University traditions explained


Brian Bauer

A bartender serves drinks to people celebrating in KAM’s on Unofficial on March 2. Assistant features editor Marissa explains official and unofficial University traditions students can choose to take part in.

By Marissa Plescia, Assistant Features Editor

Going anywhere unfamiliar is always a challenge. And each university will always have its quirks and traditions. Here is a guide to some of the most popular (and random) traditions we have at the University.

Quad Day

There are more than 1,600 registered student organizations at the University and there is one day before classes start where they all gather on the Main Quad, hence the name Quad Day. Each of these organizations will have a booth set up with information about the club. It can be a little overwhelming, but it’s a great way to get involved on campus and meet other people. With so many organizations on campus, you’re bound to find one that caters to your interests.


While Homecoming is not just a UI tradition, it’s still a very important one. It happens every year in the fall and it is supposed to be a weekend of celebration for all of our alumni. It started over 100 years ago and alumni from all over come back to the school for some reminiscing about the good old days. There are tons of activities going on over the weekend, including the big football game.

Icing out

Probably one of the weirdest traditions we have at the University, icing out is when you get a drink at a bar, take out all of the ice and chug the drink. Why did this tradition start? No clue. And why is it important to take all the ice out in order chug it? Also a good question. It’s part of the reason for why our bars are always so messy. So if you do choose to partake in this tradition, try to dump the ice and empty cups into the garbage cans, just as a common courtesy to bar employees. Also, remember to be safe.


Unofficial is basically St. Patrick’s Day, but on another date. Since real St. Patrick’s Day usually falls on the week of spring break, it has become a tradition at the University to celebrate it on Unofficial Day instead. It started back in 1995 as a bar promotion, where bars were selling special drinks like green beers. However, Unofficial really took off and became a very popular tradition on campus, often bringing in people from other schools. But the day has become much more regulated. In 2010, the bar entrance age changed to 21 during Unofficial weekend instead of the usual 19, and cops are frequently raiding bars and parties. That being said, it’s very important to be careful on this holiday. If you choose to drink, do so responsibly.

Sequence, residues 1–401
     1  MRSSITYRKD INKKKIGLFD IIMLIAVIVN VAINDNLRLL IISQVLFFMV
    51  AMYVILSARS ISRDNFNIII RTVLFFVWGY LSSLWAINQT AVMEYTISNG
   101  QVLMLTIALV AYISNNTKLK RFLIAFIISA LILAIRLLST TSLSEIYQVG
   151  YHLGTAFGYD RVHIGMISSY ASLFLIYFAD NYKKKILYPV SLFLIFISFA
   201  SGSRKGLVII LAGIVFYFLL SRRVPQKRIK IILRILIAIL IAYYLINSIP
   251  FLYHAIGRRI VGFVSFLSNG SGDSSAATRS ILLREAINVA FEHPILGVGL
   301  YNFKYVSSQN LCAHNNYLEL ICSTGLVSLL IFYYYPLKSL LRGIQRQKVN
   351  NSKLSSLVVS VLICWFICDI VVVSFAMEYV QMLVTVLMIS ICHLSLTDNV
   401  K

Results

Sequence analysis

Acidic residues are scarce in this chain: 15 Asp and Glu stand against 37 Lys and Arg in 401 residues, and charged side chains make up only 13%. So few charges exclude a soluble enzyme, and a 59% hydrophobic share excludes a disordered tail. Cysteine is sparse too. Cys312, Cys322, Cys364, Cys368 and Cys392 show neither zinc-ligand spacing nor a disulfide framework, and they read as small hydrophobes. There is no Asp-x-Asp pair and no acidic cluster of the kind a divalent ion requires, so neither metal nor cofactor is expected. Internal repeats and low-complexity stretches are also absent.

Alma Mater

The Alma Mater is one of the most popular statues on campus. Located on the corner of Green and Wright Streets, the statue has been around since 1929. The sculpture was created by alumnus Lorado Taft, who said the sculpture symbolizes “a benign and majestic woman in scholastic robes, who rises from her throne and advances a step with outstretched arms, a gesture of generously greeting her children.” Behind her is a woman who represents “learning” and a man who represents “labor.”

The Morrow Plots

The Morrow Plots is a cornfield located right in the center of campus. It’s the oldest experimental cornfield in the entire Western Hemisphere. Yes, very Illinois sounding. But an important thing to remember: Do not step into the Morrow Plots. It is rumored to be instant expulsion if you do. 

Marissa is a junior in Media.

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